My statement expresses and reflects the “Confessional Nature of the Church Report,” which is one of the two prefatory documents in the Book of Confessions. Look especially at section II.C of that Report, pages xviii to xx. The bulk of my statement is a restatement of the principles expressed in that Report, particularly the Reformed distinctive of holding in tension freedom and authority.
It is true that the Book of Confessions cannot prevent, pre-empt nor veto consideration by a General Assembly of an overture, resolution, or report. It’s not an automatic action. The General Assembly (as with sessions, presbyteries and synods), as a governing council of duly elected and commissioned elders and advisory delegates, must discern the will and mind of Christ in community, applying Scripture, the confessions, our theological heritage, prayer, worship, and debate in the discussions; that is the way we in the Reformed tradition do things.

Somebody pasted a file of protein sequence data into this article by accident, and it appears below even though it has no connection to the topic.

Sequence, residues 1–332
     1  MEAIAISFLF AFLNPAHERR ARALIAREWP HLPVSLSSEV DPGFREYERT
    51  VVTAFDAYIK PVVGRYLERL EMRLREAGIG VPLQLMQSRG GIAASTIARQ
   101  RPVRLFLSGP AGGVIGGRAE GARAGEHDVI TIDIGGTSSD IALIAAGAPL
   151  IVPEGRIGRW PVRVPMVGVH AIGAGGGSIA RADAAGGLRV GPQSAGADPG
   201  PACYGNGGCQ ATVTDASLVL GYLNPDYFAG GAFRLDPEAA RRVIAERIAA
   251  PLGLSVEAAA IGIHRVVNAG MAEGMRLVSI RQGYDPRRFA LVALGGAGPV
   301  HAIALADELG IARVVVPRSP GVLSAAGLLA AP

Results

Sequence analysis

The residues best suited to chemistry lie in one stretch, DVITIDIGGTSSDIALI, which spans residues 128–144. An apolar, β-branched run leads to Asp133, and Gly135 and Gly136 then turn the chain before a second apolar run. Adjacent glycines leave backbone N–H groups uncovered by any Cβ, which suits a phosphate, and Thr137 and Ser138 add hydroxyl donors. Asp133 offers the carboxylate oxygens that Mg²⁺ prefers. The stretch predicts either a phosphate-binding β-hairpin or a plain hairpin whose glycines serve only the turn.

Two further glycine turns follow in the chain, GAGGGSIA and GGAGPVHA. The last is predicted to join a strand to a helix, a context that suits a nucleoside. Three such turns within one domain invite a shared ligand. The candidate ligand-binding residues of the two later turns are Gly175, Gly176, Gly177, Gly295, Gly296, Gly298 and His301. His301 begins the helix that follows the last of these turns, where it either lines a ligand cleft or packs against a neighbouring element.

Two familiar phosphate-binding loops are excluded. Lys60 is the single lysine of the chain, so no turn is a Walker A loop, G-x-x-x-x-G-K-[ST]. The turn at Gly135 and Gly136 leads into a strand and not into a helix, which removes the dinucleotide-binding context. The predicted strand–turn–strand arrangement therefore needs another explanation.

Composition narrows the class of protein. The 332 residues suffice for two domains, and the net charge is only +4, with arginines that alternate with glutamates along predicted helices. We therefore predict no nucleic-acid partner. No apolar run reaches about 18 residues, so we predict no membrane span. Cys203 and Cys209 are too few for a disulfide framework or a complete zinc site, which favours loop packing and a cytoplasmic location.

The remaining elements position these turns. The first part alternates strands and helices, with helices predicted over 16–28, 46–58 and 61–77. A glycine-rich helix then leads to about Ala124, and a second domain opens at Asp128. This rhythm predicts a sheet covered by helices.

What was before the 220th General Assembly last summer was a question not on the constitutionality of a proposed re-definition of marriage in the Book of Order versus the Book of Confessions; the question to which the Assembly ruled was whether it had the right to consider that question – to debate it, to amend it, to pray about it, to vote upon it. The constitutionality question may very well have to be considered by the 221st General Assembly next year or in successive assemblies, but that charge cannot be lodged against the 220th General Assembly, nor placed on the moderator’s doorstep.
-The Rev. Dr. Neal D. Presa, Ph.D.
Moderator, 220th General Assembly (2012)